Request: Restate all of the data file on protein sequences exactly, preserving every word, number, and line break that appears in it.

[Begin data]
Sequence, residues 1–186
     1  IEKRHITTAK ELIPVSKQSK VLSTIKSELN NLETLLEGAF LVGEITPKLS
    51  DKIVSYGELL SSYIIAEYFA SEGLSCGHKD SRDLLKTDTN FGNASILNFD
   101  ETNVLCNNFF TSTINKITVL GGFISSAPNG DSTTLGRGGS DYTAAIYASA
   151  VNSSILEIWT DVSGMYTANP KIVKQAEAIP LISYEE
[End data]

Sequence, residues 1–186
     1  IEKRHITTAK ELIPVSKQSK VLSTIKSELN NLETLLEGAF LVGEITPKLS
    51  DKIVSYGELL SSYIIAEYFA SEGLSCGHKD SRDLLKTDTN FGNASILNFD
   101  ETNVLCNNFF TSTINKITVL GGFISSAPNG DSTTLGRGGS DYTAAIYASA
   151  VNSSILEIWT DVSGMYTANP KIVKQAEAIP LISYEE